3. created a new file with 1MB file size
  4. scheduled “sequential read” against the file
  5. it read 256 times x 4KB blocks

A detailed explanation can be found here.

2. Job Files

If you don´t want to type in long commands in your terminal every time you call fio I advise you to use job files instead. To avoid interpreting issues with file name and option etc. I call the job files “jobfil1”, “jobfile2″… but it is best practice to give meaningful file names like “read_4k_sync_1numjob”.

Job files define the jobs fio should run.

They are structure like the classic ini files. Lets write a file which runs the same job like in 1. First run

File: jobfile1

Now lets run it:


Easy or?

How  to define a job file with 2 jobs which should run in order?

So lets write a file which contains 2 jobs. The first job should read sequential and the second should write sequential 1M.

File: jobfile2

So job1-read will run first and then job2-write will run.

How  to define a job file with 2 jobs which should run in order with the same workload?

Now we can make use of the global section to define defaults for all jobs if they don´t change it in their own section

File: jobfile3

Go Firefox.

FIO (Flexible I/O Tester) Part1 – Installation and compiling if needed

FIO (Flexible I/O Tester)  is a decent I/O test tool which is often used to test the performance of HDD/SSD and PCIe flash drives. But it can do much more. For example did you know that it provides an io-engine to test a CEPH rbd (RADOS block devices) without the need to use the kernel rbd driver?

I couldn’t find good documents which shows more interpretations and explanation of the results you receive from “fio”. Voilà, I will do it then. This little tiny tool is so complex that I am planing to split it in different parts.

But don’t forget: “fio is a synthetic testing (benchmarking) tool which in most cases doesn’t represent real world workloads”

Installation and compiling if needed (Ubuntu)

fio is developed by Jens Axboe and available at github.

These posts are based on Testverse and Ubuntu 14.04.2 but sources are available so you are able to compile it in your environment. Or the easier way is to use the binary packages available for these OSes:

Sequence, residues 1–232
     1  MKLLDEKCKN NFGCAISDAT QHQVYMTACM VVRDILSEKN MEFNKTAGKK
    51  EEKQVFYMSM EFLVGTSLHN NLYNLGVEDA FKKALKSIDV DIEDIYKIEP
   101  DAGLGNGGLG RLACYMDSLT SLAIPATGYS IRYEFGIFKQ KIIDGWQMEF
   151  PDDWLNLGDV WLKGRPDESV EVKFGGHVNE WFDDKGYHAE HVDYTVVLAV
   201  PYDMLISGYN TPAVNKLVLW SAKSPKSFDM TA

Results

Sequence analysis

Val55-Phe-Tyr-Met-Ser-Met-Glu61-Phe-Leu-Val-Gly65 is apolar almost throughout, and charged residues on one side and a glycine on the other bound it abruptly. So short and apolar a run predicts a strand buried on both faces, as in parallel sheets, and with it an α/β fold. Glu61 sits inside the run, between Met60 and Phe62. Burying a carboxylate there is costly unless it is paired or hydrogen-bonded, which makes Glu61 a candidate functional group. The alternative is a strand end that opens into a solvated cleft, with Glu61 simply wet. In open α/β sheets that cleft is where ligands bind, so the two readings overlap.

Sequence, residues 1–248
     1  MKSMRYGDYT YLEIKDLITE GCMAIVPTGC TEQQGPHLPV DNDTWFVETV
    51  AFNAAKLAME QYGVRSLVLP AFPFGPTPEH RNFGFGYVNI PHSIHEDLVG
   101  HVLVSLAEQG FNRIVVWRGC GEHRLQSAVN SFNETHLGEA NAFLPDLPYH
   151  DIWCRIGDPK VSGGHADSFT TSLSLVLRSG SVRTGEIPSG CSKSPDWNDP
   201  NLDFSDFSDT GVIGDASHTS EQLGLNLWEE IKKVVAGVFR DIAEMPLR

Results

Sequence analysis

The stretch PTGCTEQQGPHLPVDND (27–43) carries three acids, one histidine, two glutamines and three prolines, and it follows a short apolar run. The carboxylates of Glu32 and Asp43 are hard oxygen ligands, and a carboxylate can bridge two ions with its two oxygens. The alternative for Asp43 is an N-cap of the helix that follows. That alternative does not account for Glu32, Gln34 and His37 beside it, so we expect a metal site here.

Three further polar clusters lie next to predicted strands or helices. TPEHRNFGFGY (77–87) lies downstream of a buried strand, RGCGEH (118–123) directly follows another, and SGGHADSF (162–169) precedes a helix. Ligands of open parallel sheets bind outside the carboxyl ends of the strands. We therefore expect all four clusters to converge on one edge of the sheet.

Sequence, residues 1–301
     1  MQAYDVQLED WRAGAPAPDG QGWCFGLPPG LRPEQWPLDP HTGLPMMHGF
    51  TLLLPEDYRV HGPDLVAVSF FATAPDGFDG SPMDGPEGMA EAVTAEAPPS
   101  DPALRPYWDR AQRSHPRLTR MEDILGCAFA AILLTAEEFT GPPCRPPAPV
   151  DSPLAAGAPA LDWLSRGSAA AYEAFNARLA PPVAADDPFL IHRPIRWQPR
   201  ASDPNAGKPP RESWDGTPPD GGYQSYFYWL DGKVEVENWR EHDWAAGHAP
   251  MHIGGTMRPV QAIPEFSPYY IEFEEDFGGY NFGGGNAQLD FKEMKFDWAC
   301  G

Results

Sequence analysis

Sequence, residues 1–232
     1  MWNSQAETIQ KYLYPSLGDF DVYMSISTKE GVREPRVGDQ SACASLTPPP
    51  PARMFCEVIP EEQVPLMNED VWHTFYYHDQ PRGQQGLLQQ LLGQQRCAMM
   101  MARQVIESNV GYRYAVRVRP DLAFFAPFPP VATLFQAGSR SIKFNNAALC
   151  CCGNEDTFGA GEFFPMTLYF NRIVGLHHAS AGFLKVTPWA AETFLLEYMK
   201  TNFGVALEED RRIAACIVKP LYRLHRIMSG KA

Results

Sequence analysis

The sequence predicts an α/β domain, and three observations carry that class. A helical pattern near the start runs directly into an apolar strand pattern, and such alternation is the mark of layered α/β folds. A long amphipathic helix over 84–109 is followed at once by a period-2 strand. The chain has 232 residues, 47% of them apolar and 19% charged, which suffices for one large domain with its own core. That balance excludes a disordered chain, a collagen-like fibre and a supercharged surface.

1. Installing the fio binary in Ubuntu 14.04.2



list the help of the command.

that’s it…. or?

shows that

fio-2.1.3 is installed. The actual version available at github is 2.2.9   (30.07.2015) so lets have some fun with:

2. Compiling the newest fio version in Ubuntu 14.04.2

I am using git for the installation because I like git.

The ./configure showed that some features are using zlib-devel – so thats the reason why we install it. The packages libaio1 and libaio-dev are needed to use the ioengine libaio which ist often used to measure the raw performance of devices.

In other distributions you may need to install other packages like make, gcc, libaio etc. in advance.For Ubuntu the “build-essential” should work.


shows version 2.2.9-g669e


Go hadoop.


FIO (Flexible I/O Tester) Appendix 1 – Interpreting the output/result of the “first-run”


So what happened?

fio ran one job called “first-run”. We did not specify what that job should do except that the job should run until 1 MB  has been transferred (size=1M). But what data has been transfered to where and how?

So fio used some default values in this case which can be seen in Block 1.

Block 1


  • “g=0”
    • this job belongs to group 0 – Groups can be used to aggregate job results.
  •  “rw=read”
    • the default io pattern we use is sequential read
  •  “bs=4K-4K/4K-4K/4K-4K”
    • the default (read/write/trim) blocksize will be 4K
  •  “ioengine=sync”
    • the default ioengine is synchronous so no parallel access (async)
  •  “iodepth=1”
    • per default there will be no more then “1 IO unit” in flight against the device

Block 2


  • “Laying out IO files…. ”
    • This step creates a file if not already existing with 1MB in size with the name “first-run.0.0” in the working directory
    • This file is used for the data transfer

Block 3


  • Name of the job and some infos about it like
    • “err=0”
      • no errors occurred when running this job

Block 4


  • This is the IO statistic for the job.
    • “read” (remember the default for this job is sequential read)
    • “io=1024.0KB”
      • number of KB transfered from file (1 MB)
    • “bw=341333KB/s”
      • we transfered data at a speed of ~333MB per second in average
    • “iops=85333”
      • is the average IO per second (4k in this case).
    • “runt=3msec”
      • The job ran 3 milliseconds